Fortune Fish & Gourmet

The Seafood & Gourmet Specialists

The snow piles are creating tiny mountain ranges, turning sidewalks into slick valleys that we must navigate cautiously, that’s if we dare leave our bunkers.  The freezing temps seem to slow everything down a notch, and even the pace of these last few January days are dragging.  But fear not, February marks another step closer to the sunshine and thaw, and like the latest news from the National Fisheries Institute (NFI) Global Seafood Conference, you’ve got to take the good with the bad. 
The NFI’s annual conference was held a couple of weeks ago in sunny San Diego and, as usual, the breakout panels offered vital insight and critical analyses of what’s trending in the seafood industry.
The Salmon panel painted a troublesome picture for next year’s Wild Salmon supply.  Pinks, Cohos, Ketas, and Kings could all see further reduced harvests in Alaska with warming water temperatures thought to be the main culprit.  This does not bode well, since last year’s harvest was already down from previous years.  The Sockeye stock seems to be the only one that will remain stable, and it’s no wonder that the trend of this species being the most recognized in the retail sphere will likely continue.  In order to fill the void, Atlantic Salmon farmers are becoming more innovative in order to produce more fish.  Emerging trends include land-based aqua farming, offshore farming and genetic modification in order to increase the world’s supply of salmon to meet growing demand. 
The story in the Shellfish panel was a crabby one, due to the fledging Snow Crab and Red King Crab forecasts.  The Snow Crab supply has been short for a couple of years now, and unfortunately this trend will continue in 2019.  To add insult, it looks as though there might not even be a Red King Crab season in Alaska this year, putting another dent in an already banged-up supply.  Most customers are looking to other crab species and Lobsters to fill the void.  This has kept Lobster prices stable.  We are also exporting more Lobster to Canada now, so don’t expect Lobster pricing to fall too precipitously, even in the face of solid harvests.  On a brighter note, the forecasted Snow Crab biomass is expected to rebound 3 years from now, meaning there is a light at the end of this tunnel. 
On the flip-side, 2018 saw Scallop harvests come through with big numbers, putting more product into the market than in recent years.  Luckily, this trend will continue into 2019.  Another banner year is expected from US Scallop fisheries, making this item a viable menu feature going forward.  2018 saw Scallops make their way back unto a lot of menus, it looks like they are here to stay in 2019. 

How do we get more people to eat more seafood?  This was a question that you could feel looming behind every discussion in every panel.  Kind of an underlying current that stirred every attendee, and often prompted insightful conversation.   There isn’t one answer to this question, but many.  We have to not only sell seafood, but we also have to sell the story.  Promote companies like Copper Shoals, Open Blue, Verlasso, and Australis who are growing healthy fish the right way.  We have to re-introduce our customers to our Wild Stocks and the diligent management that takes place in order to ensure species’ livelihoods for generations to come.  We need to be better stewards of each species regarding their utilization and waste.  Each fish is a puzzle, created by nature.  Not every cut is a prime cut, but every cut has its own unique flavor and attribute.  Respecting and showcasing the entire fish is integral to unwrapping it’s true value.  Seafood can’t beat land-based proteins in a race to the bottom-line, but it can offer value in regards to a cleaner environment, a healthier llifestyle, and a brighter future.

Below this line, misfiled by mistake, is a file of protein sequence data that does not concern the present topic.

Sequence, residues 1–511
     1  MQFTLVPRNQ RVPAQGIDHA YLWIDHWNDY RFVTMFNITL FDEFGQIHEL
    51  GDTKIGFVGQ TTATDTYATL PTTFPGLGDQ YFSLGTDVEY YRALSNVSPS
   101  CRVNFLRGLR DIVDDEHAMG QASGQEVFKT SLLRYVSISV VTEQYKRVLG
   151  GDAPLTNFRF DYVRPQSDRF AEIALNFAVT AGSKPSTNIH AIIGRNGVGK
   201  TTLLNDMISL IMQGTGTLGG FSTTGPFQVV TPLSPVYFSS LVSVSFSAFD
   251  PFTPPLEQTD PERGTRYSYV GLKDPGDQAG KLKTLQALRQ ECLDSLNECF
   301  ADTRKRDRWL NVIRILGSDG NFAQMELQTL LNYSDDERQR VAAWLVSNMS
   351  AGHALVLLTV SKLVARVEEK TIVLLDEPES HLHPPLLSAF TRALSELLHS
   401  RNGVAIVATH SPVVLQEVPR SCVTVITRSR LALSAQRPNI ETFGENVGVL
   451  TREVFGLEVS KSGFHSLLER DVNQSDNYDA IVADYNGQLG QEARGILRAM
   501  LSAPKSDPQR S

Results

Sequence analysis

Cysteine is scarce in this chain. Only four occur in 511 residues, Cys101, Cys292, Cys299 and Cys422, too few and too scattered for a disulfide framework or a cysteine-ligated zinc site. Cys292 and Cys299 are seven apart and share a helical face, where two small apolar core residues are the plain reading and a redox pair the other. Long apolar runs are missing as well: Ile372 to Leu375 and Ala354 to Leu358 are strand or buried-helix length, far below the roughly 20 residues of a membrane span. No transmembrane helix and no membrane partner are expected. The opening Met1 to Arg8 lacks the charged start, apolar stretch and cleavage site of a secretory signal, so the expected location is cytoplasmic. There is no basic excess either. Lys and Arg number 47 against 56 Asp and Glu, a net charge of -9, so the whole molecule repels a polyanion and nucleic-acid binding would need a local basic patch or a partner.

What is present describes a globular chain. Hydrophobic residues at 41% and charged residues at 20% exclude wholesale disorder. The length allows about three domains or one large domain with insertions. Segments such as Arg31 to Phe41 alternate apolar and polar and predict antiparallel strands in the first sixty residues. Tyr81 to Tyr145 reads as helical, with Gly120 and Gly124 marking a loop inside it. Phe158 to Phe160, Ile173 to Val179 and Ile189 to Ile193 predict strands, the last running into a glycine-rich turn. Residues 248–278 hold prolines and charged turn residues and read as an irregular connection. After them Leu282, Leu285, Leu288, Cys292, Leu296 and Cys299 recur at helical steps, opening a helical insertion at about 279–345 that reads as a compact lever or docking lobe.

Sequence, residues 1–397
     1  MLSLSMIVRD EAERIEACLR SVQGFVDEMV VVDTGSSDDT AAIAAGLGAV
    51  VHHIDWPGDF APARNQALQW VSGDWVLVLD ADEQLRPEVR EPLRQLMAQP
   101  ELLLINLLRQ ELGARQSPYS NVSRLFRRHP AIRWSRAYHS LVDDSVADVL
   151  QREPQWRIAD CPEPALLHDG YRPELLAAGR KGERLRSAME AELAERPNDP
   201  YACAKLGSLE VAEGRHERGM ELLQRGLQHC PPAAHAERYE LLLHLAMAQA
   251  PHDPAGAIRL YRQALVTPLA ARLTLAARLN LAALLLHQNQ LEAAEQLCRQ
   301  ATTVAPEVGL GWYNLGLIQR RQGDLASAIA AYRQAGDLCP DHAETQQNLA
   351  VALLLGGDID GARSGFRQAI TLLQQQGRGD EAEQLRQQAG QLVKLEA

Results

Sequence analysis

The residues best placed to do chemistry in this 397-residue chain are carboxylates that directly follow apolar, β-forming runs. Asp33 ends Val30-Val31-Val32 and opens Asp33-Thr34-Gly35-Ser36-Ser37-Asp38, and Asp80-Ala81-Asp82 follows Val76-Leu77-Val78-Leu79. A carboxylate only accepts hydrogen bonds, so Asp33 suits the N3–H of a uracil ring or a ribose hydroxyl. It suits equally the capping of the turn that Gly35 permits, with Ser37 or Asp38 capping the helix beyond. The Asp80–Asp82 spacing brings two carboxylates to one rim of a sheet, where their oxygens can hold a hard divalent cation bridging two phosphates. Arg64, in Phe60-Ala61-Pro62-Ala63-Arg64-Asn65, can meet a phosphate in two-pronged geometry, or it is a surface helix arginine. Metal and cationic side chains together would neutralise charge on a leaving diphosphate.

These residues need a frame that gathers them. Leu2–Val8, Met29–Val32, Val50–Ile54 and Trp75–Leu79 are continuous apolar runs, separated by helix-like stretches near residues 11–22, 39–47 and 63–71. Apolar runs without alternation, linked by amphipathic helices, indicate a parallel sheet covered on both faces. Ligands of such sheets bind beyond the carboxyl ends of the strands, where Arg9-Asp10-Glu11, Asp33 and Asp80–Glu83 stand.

Gourmet Grab

If the question is how to get people to eat more seafood, one answer is to make it easier for them to prepare great tasting dishes. Whether you want to season as you cook, or marinade your seafood, Fortune has a large variety of offerings including products from Ashman Manufacturing Co. and Rub with Love.

Based in Virginia Beach, Virginia, Ashman Manufacturing Co. has been making marinades, sauces, and seasonings since 1987. If you are looking to season your fish and seafood quickly, Ashman offers everything from a quick Scandinavian Salmon Rub or Smoky BBQ Fish Rub, to a Bayou Blackening Spice or Yin Yang Seafood Sprinkle. They have almost every cuisine covered to keep your taste buds happy, without sweating over looking for every single ingredient needed. On the occasion that you can plan your meal ahead, Ashman has numerous sauces that can double as marinades. Their Bourbon Teriyaki is their best seller for meatier fish, but they also have a Shrimp Scampi sauce, Mango Key Lime, Tuna Citrus Herb, and many other flavors available.
Hailing from the West Coast, in Seattle, WA, Rub With Love was created by Tom Douglas, in response to countless requests for his secret ingredient in Etta’s Spice Rubbed Salmon. His original Salmon Rub lends a sweet smoky flavor to fish but is versatile with pork or chicken. For the curry lovers, his Seafood Rub combines brown sugar with cumin, cinnamon, ancho, turmeric, and a dozen other spices to create a mild curry flavor, that is great with scallops, whitefish, lobster, or shrimp.
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